In the wake of the Grand Economic Circle of Indigenous People and Quebec, the provincial government announced multiple funding initiatives November 26 to address significant gaps in Indigenous education, which studies have shown is closely correlated with family income and health outcomes.
Premier François Legault launched a $10 million fund to support a new First Nations Executive Education (FNEE) school over the next five years. The innovative initiative was launched by Manon Jeannotte (Mi’gma) and Ken Rock (Innu), both graduates of the Executive MBA program offered by McGill University and HEC Montréal, which are co-developing the program.
“Something needs to be done for First Nations leaders,” Rock told the Nation. “The leadership at HEC Montréal were really open to something like that – we didn’t have to convince them. We participated in that development. It’s not just a program designed by non-Native people for the benefit of Native people.”
The first cohort began December 9 with 17 chiefs and leaders of Indigenous organizations, such as Creeco president Derrick Neeposh and Innu Chief Mike McKenzie. With the goal of empowering community leaders to strengthen self-determination, the initial modules addressed fulfilling your vision, collaboration with local government to bring change, and exercising leadership with integrity.
“What’s interesting is there are really good leaders among the participants exchanging with each other,” said Rock. “Spending time talking to each other, the participants bring as much experience as the trainers. Of course, the others will be eager to learn from Derrick Neeposh how the Cree people invested in such big projects as the new $100 million building in Montreal. It will bring inspiration to other communities.”
With curriculum co-created by experienced faculty and Indigenous leaders, the short program features Assembly of First Nations of Quebec and Labrador Chief Ghislain Picard and Mi’gmaq Chief Darcy Gray. Courses are currently delivered in a flexible hybrid format to accommodate the busy schedules of its participants, with classes offered in communities such as Wendake to address real-world issues.
“While they share information, they can bring challenges they have locally and they’ll have people to support them,” said Rock. “We strongly believe that the leaders will be in a better position to improve conditions in their communities. There’s a new building being built downtown so we’ll have our own school for First Nations and eventually there will be other courses.”
Before FNEE, the Kiuna Institute was the only post-secondary institution “for and by First Nations” that offered provincial diplomas in Quebec. Founded by the First Nations Education Council (FNEC) in 2011, the Odanak-based college was the symbolic setting for Quebec’s announcement November 30 of $19.4 million to support reconciliation through various education initiatives.
The series of measures are intended to better integrate young Indigenous people into the education system while better informing the broader population about Indigenous realities. In collaboration with Indigenous partners, new instructional material will be made available to teachers and programs of study will be reviewed to revise certain content and better incorporate Indigenous perspectives.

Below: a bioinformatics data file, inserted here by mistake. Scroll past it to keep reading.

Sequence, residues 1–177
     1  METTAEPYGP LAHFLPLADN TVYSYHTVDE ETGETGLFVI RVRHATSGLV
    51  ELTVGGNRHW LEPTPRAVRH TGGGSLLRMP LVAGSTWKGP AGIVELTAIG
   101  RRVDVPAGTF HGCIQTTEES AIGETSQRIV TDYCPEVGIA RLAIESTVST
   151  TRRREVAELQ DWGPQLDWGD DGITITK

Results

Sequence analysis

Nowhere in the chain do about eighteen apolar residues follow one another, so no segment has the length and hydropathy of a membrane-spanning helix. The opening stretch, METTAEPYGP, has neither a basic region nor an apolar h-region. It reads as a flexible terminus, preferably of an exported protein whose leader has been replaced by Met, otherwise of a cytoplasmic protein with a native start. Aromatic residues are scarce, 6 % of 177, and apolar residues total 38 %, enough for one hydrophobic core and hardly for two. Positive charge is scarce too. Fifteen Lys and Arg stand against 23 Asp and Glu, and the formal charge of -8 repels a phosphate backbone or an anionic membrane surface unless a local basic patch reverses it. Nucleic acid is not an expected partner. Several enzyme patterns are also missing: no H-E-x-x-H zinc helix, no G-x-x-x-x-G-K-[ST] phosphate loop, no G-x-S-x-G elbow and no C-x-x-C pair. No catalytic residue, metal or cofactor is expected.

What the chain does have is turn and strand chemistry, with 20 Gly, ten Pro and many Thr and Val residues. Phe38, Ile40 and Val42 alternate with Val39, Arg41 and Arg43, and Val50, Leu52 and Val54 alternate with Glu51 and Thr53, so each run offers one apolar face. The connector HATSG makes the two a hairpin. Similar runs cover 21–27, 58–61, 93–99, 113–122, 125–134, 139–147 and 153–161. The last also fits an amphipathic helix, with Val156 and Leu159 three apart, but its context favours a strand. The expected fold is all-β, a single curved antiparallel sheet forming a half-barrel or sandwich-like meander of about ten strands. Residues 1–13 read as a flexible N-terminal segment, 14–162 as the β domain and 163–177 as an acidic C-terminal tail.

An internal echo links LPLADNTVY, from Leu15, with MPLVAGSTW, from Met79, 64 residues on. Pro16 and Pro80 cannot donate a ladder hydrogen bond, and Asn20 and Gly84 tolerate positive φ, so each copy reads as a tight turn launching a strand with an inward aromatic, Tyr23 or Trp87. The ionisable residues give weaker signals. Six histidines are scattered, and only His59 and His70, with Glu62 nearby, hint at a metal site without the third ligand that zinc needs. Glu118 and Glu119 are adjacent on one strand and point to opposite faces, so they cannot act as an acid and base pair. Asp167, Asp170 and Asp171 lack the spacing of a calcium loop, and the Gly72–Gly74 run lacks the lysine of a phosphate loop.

School boards will also be adapted to develop “culturally reassuring services” and guidance tools that support the transition of first-year Indigenous students to institutions away from their communities.
“I think that the three actions will allow us to improve the social climate in Quebec,” said Education Minister Jean-François Roberge. “We want [Indigenous students] to blossom, to take their place in the community and in Quebec. We also want to inform all Quebec students about the history, perspectives and realities of Indigenous people.”
FNEC director general Denis Gros-Louis is co-chair of the Table on First Nations and Inuit Student Success. Gros-Louis told the Nation that his organization had demanded funding to address the gaps in Indigenous communities, which have only increased since this government began investing substantially in the provincial education network.
“We were very vocal that there was some catch-up to be done,” said Gros-Louis. “We have to play on a level playing field. It was quickly heard – I would say within weeks, we got a reply. It was key for us that it be done in collaboration with First Nations organizations.”
With growing interest in Indigenous issues, the FNEC couldn’t keep up with the volume of requests from teachers. Gros-Louis said the bulk of funding will go towards new service centres that update content to remove offensive stereotypes and focus on the realities of First Nations near each school.
“If one Nation is prevalent in the community, we would say the history is taught around those communities,” Gros-Louis explained. “For instance, if we’re in Gaspésie it would be obvious to speak about the Mi’gmaq and their relationship with the fisheries and all the harvesting they’re doing in the water. What’s more important is how their spirituality is being exercised today.”
About $4 million will be invested to remove old books so curricula will better reflect modern realities. Teacher training is also being reviewed to ensure that basic competencies include an accurate understanding of Indigenous cultures and communities.
“When you graduate, you’ll want to come work in our communities and be better equipped to teach students with a different background,” said Gros-Louis. “We want to build citizens on both sides who will learn to grow together and be leaders of tomorrow, rather than the foundation of distrust that we’ve learned for the last 300 years.”
by Patrick Quinn, Local Journalism Initiative Reporter